Domaine de la Petite Gallee: Lyon’s Gamay King

Domaine de la Petite Gallee: Lyon's Gamay King

Domaine de la Petite Gallee: Lyon's GamayDomaine de la Petite Gallee is an original. Just south of Lyon, France’s culinary capital, lies the tiny hamlet of Millery. Found in the heart of the oldest section of the Coteaux du Lyonnais, this idyllic little town and its surrounding rolling hills are home to some of the finest terroir for growing Gamay outside the crus of Beaujolais. However, these bucolic hills hide an unfortunate truth.  This small region of just 240 ha is dominated by industrial farming where 90% of the wine produced comes from negociants and cooperatives. Nestled in the highest altitude section of Millery, just 20 km north from Côte Rôtie, a beacon of conscientiousness and artisanry shines bright in the form of the affable Patrice Thollet. Families from all over Lyon flock to his cellar to purchase what many consider to be the finest wines in the region – perfect accompaniments to the famed dishes of Lyon. With 75% of his production sold directly to the people of Lyon from his cellar, it is not uncommon to find a line of thirsty fans outside his door, eagerly awaiting their turn to bring home these cherished wines. For Patrice, the path towards this glowing reputation was the culmination of his commitment to biodynamic farming and carrying on the legacy that his grandfather started after World War II to elevate this once underappreciated appellation to new heights.

It was Francis Thollet who moved to Millery in 1944 to start making wines from an ancient hillside clos at the highest point in the village. With Gamay vines dating back to 1896, Francis planted his flag in the then unknown region and established Domaine de la Petite Gallee. The winery takes its name from the prehistoric round stones that litter the steep rocky soils of the clos. These rocks are unique to this section of the Coteaux, setting it apart from the more granitic soils to the North. Francis’ grandson Patrice grew up among these vines and officially took over the domaine from his father in 2005. From the time he was a young boy, there was never a mystery over the direction his life would take. As he says, “for me, being a winemaker has always been obvious. I can’t imagine doing anything else with my life.” As soon as he took ownership of the estate’s precious old vines, many things became obvious to him, the most important of which was organic and biodynamic farming.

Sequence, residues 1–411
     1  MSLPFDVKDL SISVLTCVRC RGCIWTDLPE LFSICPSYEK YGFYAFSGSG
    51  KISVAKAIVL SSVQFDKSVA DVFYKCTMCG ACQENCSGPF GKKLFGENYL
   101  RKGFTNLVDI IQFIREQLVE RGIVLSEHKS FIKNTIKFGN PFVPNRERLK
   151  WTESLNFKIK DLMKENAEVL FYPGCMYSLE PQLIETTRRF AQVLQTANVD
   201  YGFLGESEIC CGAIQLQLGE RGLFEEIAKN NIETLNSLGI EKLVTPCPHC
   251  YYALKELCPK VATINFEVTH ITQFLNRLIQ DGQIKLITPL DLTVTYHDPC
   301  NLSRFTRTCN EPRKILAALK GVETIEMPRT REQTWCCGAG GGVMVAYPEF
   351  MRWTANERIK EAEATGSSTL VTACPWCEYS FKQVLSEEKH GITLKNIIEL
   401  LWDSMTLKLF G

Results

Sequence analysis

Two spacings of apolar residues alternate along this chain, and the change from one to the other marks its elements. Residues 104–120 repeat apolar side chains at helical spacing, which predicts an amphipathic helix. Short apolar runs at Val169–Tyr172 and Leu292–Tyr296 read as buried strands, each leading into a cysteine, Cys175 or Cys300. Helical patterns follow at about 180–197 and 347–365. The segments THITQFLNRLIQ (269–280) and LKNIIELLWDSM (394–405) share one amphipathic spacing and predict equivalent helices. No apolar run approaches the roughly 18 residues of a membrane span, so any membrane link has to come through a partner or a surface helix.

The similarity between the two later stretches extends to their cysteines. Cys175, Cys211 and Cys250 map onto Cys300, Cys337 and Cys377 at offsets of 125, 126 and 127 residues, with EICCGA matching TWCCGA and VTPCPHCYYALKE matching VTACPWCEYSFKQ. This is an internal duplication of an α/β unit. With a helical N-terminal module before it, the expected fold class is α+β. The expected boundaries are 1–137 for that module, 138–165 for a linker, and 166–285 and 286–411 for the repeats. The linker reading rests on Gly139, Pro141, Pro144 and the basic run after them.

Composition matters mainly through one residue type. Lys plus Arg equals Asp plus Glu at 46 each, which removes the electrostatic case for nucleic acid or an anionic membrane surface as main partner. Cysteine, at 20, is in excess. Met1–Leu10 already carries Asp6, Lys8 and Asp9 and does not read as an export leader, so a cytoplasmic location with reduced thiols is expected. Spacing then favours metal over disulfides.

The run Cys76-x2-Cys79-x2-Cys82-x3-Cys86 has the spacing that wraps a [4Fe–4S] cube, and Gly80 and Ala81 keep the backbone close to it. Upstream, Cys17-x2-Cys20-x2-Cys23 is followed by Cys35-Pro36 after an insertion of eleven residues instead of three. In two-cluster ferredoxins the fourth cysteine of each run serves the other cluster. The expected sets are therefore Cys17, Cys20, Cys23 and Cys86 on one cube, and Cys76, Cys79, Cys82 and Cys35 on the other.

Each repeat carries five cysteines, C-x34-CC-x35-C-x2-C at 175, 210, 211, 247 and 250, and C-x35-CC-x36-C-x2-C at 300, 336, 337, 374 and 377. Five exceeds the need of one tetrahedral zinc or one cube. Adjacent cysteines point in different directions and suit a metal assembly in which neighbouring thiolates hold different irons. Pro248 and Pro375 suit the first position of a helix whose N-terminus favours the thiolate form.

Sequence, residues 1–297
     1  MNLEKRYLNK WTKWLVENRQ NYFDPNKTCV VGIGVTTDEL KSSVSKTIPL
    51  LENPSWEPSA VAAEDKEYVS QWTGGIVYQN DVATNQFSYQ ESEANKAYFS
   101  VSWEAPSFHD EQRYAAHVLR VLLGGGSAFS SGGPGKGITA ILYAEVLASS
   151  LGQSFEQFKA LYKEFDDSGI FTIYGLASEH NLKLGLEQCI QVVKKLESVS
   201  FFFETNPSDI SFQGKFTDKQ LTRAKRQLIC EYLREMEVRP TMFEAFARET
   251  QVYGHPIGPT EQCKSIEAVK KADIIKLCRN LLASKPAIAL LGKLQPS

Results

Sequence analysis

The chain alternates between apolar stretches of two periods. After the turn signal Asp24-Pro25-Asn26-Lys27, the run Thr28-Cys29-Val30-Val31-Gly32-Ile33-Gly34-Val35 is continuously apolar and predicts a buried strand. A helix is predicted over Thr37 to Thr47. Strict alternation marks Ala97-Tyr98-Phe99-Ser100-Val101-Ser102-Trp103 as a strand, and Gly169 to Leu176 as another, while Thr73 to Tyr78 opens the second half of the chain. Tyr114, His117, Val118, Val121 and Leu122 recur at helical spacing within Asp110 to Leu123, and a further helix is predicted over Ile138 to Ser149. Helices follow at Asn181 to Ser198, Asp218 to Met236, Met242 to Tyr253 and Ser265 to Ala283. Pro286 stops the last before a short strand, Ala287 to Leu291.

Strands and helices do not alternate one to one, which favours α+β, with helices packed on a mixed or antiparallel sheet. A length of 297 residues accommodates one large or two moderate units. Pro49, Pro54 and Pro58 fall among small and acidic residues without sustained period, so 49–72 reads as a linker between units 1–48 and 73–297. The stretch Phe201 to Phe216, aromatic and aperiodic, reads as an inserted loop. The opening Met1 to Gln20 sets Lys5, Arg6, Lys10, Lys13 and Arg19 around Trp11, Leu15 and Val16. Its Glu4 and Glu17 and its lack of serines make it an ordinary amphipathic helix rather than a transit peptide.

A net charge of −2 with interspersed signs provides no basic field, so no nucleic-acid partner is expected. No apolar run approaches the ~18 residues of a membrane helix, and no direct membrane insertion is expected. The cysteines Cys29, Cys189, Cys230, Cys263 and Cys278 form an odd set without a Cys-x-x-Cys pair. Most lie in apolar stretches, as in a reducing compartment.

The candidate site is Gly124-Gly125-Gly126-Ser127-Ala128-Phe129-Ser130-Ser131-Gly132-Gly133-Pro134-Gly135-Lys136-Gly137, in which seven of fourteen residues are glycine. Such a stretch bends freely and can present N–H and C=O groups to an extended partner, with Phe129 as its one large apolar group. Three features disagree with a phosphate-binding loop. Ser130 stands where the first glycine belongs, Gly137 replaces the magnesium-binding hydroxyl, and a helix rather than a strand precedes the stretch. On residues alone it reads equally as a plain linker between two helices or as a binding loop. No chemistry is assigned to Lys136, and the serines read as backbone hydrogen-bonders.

Domaine de la Petite Gallee: Lyon's Gamay 11We may take it for granted, but in 2006, the concept of organic farming was still relatively new across France. For this sleepy region, where there are only 20 independent growers, it was almost unheard of. Suffice to say, there was no wave of organic certification sweeping the region. Patrice first tested using organic methods in 2006 with some select parcels. As soon as he saw the results in both the health of the vines and the wines that resulted for them, he needed no extra convincing. In 2007, he converted the entire domaine to the practice. Not stopping there, he switched over to biodynamic farming in 2010. Change like this doesn’t occur in a vacuum however, and his neighbors took notice. To say the other growers around town were skeptical, would be putting it lightly. As Patrice remembers it, “at the beginning there is mockery, especially from the other farmers who use chemicals, but when you believe in organic agriculture and see the positive results in the vineyards and the wines, the mockery stops.” So despite the efforts of his more obstructionist contemporaries, Patrice never lost faith in his ability to maximize the potential of his privileged vines.